Tionne by Lee Meredith
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Tionne

This pattern is available for $6.00 USD
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This pattern is for any gauge/weight, from fingering to bulky!

This asymmetrical stripy pullover is custom fit to your body, with a boxy, oversized, snuggly shape, in any gauge, and it can be worn in any direction! Get really different kinds of sweaters depending on your yarn weight, and on the density of your gauge.

This project requires some math before you start knitting - all basic adding, subtracting, multiplying, and dividing (very easy with your calculator app). To customize the pattern for your yarn and body, you will make a gauge swatch, and take a few measurements on yourself; then you’ll fill out a worksheet to find all the numbers to plug into the pattern, making it sized just for you, in whatever yarn and gauge you want to use.

The piece is almost entirely garter stitch worked flat and stockinette worked around, meaning very little purling - only 2 of the 6 sections involve purling. All the long rows of plain knitting make this an excellent multi-task knit! Once you get each section set up, itโ€™s easy to knit while focusing your attention elsewhere.

Constructed modularly, using short row techniques to cast on and bind off stitches sideways, provisional cast-on methods, and grafting, there are no sewn seams, no picked up stitches, and very few extra ends to weave in. Finishing steps are grafting some edges together with kitchener stitch, and sewing up a few holes.

The sleeves can be made whatever length you like, and the pattern includes a short sleeved variation, which makes a great mild-weather layer, especially if made in a lightweight yarn, and/or a loose, drapey gauge - it comes down to just above the elbows.

Tionne sweaters are not meant to fit like a normal pullover, they are very asymmetrical and the shoulders/sleeves are meant to be pulled down so the armpits are low, to avoid bunched up fabric around the upper body. When worn with the striped side as the neck, there is a huge, wide cowl neck - this can be folded over, to sit around the shoulders, or tied/buttoned/pinned in different kinds of styles, using the eyelet holes in the stitch pattern.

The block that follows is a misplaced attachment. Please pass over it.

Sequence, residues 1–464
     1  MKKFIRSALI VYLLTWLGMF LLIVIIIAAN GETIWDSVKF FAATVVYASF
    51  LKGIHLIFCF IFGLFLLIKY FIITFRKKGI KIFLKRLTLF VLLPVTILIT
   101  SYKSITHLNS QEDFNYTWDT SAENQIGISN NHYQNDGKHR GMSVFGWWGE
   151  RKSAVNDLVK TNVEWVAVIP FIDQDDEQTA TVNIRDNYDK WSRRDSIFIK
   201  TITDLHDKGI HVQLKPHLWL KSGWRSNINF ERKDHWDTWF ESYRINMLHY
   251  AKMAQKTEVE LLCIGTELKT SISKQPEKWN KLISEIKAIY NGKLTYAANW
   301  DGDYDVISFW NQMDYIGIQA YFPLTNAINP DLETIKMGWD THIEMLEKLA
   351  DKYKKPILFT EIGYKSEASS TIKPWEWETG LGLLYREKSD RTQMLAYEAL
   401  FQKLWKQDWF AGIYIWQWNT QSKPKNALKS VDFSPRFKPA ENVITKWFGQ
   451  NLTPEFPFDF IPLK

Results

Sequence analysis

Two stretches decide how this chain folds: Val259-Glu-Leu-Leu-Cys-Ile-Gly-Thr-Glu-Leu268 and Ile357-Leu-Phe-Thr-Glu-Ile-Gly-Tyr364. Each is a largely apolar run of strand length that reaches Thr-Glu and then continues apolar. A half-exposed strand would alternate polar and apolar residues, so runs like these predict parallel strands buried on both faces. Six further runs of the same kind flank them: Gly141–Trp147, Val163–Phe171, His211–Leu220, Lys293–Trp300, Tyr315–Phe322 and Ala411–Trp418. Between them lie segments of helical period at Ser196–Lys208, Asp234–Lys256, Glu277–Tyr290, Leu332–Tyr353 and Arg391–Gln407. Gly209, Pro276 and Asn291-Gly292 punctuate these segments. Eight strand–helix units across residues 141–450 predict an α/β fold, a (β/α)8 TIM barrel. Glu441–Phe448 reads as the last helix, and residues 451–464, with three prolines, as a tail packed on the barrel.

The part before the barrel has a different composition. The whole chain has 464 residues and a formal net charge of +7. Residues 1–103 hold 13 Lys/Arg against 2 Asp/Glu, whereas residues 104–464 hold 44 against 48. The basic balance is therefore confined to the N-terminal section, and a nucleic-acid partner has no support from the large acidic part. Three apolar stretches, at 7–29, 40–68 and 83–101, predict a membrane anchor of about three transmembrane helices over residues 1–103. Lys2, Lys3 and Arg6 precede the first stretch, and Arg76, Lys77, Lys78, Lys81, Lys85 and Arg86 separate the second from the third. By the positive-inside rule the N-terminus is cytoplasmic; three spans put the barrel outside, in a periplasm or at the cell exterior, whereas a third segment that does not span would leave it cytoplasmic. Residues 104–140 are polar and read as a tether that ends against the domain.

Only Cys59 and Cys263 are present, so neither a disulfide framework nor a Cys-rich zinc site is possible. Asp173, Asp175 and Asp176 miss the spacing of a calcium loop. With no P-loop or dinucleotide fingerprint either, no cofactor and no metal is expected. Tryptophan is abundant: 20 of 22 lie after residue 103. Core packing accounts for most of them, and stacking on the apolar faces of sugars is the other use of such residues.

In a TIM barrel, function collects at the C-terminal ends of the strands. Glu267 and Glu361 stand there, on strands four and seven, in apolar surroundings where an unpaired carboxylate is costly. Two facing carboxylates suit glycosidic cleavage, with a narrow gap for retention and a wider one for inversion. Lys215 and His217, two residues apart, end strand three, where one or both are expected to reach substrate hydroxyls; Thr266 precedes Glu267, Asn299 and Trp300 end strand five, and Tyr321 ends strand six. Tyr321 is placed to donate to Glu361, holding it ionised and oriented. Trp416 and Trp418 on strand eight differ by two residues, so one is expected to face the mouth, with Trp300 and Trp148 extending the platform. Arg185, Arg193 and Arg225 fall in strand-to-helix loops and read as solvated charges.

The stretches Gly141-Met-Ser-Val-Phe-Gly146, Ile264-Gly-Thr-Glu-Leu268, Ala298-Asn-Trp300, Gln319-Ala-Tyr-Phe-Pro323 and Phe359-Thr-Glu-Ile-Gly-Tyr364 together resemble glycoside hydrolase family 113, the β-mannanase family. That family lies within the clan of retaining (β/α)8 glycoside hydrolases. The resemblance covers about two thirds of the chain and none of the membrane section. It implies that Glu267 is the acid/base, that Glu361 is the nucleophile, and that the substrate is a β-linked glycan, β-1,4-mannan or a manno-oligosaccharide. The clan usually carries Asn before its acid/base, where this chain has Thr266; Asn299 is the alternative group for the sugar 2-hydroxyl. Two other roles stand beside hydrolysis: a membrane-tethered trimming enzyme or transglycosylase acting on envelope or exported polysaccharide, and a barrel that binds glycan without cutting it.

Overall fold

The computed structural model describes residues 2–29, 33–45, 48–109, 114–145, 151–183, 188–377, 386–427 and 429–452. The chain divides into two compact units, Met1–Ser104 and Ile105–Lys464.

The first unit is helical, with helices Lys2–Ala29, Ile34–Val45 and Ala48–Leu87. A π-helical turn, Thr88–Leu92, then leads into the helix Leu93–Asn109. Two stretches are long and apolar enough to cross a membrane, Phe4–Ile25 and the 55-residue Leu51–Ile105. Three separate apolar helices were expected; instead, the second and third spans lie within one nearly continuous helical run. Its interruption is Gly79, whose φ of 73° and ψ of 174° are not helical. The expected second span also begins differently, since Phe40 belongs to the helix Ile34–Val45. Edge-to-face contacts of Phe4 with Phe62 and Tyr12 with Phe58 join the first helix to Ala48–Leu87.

There is no shaping in this sweater - all sections are made of straight lines; the combining of garter stitch with stockinette stitch makes some parts pull in, giving it a bit of shape.


This is part of the leethal Full Body Trio - 3 different patterns for versatile garments. (Each single pattern is $6; the whole trio is $12.)


The pattern includes a detailed schematic, a diagram showing how to measure yourself, 16 process photos showing how the piece is constructed, photo tutorials for the crochet provisional cast-on and Judy’s Magic Cast-on, step-by-step instructions for grafting the different sections.

You need
โ€ฃ enough yarn in any weight - vague (very approximate!) estimates are given in a grid in the photos to your left - these are the total yardage for long sleeve sweaters, in a slightly looser gauge than standard gauge
โ€ฃ 2 circular needles, sized to match your yarn
-- one 60โ€/150cm and one 24โ€/60cm or 32โ€/80cm is best
โ€ฃ click the PDF preview link at the bottom to read full you need details

Weight / gauge
Any gauge will work for any size sweater, but different weights/gauges will make for different looks, of course. Use a heavy weight for a big, cozy sweater; use a fine weight, fingering or sport, for a lighter layer.

Using a needle size slightly larger than the standard recommended size is a good idea, so the sweater drapes well, because of the oversized shaping. At least 1-2 sizes larger than the standard size is recommended, or if the ball band gives a range of sizes, then use the largest, or 1 size larger.

You could even use a fine weight yarn (fingering to DK range) with needles many sizes bigger than standard, for an extra loose, near-transparent kind of look, to layer over a top in mild seasons/climates.


You can preview the first few pages of the PDF here to get a sense of the pattern style and see some of the details, techniques, etc.